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All should tone down political rhetoric before it is too late

By The Standard | Published Tue, June 20th 2017 at 00:00, Updated June 19th 2017 at 23:36 GMT +3

Utterances by former Prime Minister Raila Odinga during a campaign stop in Kajiado last week have kicked up such a fuss; one would think the sky is about to fall down. Predictably, Jubilee's top brass has jumped in, calling for Odinga's arrest for what they see as a call to purge the cosmopolitan county of 'foreigners'.

Depending, there are those who find Odinga's comments a case of leader incitement. Already, officers from the National Cohesion and Integration Commission are on the case. If, after investigations the incitement claim is confirmed true, Odinga should face the law. Conversely, if he were to be found innocent, for misrepresenting the facts; the Jubilee brigade led by Deputy President William Ruto, Leader of the Majority in Parliament Aden Duale and Cabinet Secretary for Interior Joseph Nkaiserry should be held culpable for whipping up emotions for no reason at all.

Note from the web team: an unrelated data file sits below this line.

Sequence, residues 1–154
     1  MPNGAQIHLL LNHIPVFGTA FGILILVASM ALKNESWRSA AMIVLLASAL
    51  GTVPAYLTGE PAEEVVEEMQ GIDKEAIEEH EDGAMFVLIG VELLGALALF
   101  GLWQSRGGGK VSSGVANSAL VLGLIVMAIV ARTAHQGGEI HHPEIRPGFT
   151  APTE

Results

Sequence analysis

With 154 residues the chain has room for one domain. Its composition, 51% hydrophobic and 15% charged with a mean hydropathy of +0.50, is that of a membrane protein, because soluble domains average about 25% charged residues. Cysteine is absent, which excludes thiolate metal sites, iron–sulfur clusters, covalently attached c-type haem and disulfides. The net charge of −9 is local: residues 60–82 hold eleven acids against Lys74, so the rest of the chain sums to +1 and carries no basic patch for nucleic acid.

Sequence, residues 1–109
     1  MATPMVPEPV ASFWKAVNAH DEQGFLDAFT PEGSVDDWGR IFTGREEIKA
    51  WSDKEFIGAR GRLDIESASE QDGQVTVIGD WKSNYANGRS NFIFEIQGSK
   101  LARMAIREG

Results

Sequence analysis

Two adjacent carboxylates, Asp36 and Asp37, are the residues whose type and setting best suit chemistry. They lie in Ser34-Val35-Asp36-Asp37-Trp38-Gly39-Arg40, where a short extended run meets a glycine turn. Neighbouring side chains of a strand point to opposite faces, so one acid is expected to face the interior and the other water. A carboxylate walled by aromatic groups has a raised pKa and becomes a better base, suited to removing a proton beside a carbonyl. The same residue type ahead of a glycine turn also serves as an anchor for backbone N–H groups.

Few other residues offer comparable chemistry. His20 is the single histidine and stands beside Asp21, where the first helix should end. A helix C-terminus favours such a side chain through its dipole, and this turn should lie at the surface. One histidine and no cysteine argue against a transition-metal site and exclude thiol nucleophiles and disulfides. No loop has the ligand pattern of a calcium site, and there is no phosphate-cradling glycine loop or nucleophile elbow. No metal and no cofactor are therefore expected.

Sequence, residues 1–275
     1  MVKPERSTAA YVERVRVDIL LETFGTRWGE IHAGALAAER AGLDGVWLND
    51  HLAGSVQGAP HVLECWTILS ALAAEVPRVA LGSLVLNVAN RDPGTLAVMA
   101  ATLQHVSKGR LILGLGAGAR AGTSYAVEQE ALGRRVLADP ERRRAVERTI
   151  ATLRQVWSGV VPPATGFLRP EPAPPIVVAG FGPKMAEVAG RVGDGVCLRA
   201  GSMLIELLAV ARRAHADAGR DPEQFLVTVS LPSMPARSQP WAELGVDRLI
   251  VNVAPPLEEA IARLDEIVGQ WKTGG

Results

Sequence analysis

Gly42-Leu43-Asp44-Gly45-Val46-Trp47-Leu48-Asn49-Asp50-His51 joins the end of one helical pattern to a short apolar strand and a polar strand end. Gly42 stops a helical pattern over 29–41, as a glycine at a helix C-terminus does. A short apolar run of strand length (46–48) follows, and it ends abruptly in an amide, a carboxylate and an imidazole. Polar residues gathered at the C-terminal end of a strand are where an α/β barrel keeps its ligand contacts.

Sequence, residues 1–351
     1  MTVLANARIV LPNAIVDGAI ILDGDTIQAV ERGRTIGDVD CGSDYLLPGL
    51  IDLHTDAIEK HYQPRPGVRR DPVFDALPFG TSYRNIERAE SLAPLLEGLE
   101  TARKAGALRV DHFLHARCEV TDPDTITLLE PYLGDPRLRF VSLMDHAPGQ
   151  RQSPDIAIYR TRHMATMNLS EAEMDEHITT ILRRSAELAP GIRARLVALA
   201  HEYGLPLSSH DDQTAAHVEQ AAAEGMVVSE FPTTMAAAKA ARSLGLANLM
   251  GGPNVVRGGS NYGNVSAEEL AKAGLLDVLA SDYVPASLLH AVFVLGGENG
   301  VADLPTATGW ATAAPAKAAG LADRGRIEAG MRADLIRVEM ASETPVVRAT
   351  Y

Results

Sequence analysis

Matters of land are highly emotive in Kenya. Using land as a campaign gimmick is not only crass, it is ill-advised, and politicians should know better. With about 50 more days to go before the August 8, it is becoming apparent that something little could tip the balance. God forbid. So far, all indications are that leaders who should be preaching peace and national unity during this delicate campaign period have thrown caution to the wind in their quest for advantage over opponents.

Rather than sell their ideologies, leaders, and not just any leader, but those at the very top on either side of the political divide are finding satisfaction in scoring off each other. These personality attacks have a way of grating on loyalist followers with disastrous results. Leaders must tone down their rhetoric and compete on a platform of progressive ideas. If the 2008 post-election violence that claimed 1300 lives and displaced over half a million others did not serve as a good deterrent for war mongers, the Rwandan genocide of 1994, in which almost 800,000 people died, should make leaders pause and reflect on where they want the country to go.